You have data coming into your application, and you would like to filter or reject data that might be malicious.
Perform data validation at all levels whenever possible. At the very least, make sure data is filtered on input.
Match constructs that are known to be valid and harmless. Reject anything else.
In addition, be sure to be skeptical about any data coming from a potentially insecure channel. In a client-server architecture, for example, even if you wrote the client, the server should never assume it is talking to a trusted client.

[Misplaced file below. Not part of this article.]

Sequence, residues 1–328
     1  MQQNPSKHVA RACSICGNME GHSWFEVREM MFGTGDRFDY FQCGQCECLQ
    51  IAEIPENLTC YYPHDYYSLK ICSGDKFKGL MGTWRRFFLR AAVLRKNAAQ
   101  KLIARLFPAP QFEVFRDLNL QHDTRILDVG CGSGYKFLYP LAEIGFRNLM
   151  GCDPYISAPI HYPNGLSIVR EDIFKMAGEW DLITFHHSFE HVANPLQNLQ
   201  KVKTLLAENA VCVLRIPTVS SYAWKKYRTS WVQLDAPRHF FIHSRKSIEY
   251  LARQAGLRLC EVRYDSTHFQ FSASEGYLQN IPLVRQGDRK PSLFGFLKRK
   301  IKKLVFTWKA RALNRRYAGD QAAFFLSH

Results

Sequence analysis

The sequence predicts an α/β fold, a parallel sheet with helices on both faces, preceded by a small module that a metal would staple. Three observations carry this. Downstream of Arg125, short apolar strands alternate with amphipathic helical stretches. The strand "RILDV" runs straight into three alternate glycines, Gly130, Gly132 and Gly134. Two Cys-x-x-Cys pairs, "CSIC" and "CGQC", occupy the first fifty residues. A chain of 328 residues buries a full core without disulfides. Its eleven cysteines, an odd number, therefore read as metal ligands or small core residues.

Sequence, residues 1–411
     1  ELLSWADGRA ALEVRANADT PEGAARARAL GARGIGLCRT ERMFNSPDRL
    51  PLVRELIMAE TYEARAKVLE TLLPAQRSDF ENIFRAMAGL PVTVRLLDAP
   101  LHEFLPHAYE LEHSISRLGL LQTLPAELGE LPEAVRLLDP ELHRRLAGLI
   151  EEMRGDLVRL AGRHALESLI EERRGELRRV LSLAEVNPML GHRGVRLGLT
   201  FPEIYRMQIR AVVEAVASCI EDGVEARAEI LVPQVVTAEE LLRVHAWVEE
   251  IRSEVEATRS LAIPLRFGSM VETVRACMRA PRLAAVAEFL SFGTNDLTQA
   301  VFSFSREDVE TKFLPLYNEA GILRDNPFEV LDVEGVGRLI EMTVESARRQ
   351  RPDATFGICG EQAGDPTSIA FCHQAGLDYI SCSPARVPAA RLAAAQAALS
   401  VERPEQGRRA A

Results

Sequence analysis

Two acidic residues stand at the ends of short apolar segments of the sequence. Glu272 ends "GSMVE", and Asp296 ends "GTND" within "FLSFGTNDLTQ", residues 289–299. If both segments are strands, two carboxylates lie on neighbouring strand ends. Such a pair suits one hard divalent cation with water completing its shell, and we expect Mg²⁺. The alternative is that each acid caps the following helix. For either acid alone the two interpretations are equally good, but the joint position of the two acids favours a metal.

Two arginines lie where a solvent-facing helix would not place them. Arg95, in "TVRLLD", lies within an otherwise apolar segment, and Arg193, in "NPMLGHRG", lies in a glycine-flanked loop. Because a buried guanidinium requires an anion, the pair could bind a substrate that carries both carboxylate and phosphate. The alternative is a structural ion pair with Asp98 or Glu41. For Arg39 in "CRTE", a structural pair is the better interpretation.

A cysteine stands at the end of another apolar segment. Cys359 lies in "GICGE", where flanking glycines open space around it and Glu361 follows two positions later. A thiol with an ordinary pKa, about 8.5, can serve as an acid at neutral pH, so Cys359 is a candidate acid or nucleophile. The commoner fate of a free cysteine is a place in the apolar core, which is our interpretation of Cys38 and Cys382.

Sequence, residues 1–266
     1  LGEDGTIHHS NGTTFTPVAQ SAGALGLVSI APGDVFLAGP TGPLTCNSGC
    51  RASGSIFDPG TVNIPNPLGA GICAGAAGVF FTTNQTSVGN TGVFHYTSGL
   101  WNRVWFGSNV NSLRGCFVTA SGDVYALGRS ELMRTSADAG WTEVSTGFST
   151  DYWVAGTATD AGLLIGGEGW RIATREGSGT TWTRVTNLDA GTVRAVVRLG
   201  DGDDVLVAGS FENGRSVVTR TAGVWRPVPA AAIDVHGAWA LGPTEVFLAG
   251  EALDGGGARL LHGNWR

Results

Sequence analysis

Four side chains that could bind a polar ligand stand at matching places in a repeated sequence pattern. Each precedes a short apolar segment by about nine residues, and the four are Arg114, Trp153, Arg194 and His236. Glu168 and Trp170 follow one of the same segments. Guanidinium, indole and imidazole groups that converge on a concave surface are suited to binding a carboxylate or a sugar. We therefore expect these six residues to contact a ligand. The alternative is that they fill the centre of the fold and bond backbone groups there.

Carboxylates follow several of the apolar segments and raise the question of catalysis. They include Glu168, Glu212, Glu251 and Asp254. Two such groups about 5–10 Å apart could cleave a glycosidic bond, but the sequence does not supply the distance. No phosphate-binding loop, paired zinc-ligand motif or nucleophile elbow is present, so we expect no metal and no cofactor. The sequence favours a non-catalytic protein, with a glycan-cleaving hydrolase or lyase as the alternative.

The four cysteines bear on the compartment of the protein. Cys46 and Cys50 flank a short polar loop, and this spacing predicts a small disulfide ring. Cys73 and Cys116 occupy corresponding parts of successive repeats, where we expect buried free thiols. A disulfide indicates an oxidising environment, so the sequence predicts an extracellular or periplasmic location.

Applications should not trust any external input. We have often seen situations in which people had a custom client-server application and the application developer assumed that, because the client was written in house by trusted, strong coders, there was nothing to worry about in terms of malicious data being injected.
Those kinds of assumptions lead people to do things that turn out badly, such as embedding in a client SQL queries or shell commands that get sent to a server and executed. In such a scenario, an attacker who is good at reverse engineering can replace the SQL code in the client-side binary with malicious SQL code (perhaps code that reads private records or deletes important data). The attacker could also replace the actual client with a handcrafted client.
In many situations, an attacker who does not even have control over the client is nevertheless able to ...